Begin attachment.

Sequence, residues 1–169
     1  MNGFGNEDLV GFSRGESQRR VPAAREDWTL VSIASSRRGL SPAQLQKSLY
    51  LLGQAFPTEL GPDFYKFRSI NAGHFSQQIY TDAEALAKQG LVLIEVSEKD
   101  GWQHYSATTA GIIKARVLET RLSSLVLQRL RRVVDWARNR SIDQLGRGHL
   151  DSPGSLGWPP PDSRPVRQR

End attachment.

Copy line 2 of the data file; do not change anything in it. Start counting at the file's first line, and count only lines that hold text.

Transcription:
     1  MNGFGNEDLV GFSRGESQRR VPAAREDWTL VSIASSRRGL SPAQLQKSLY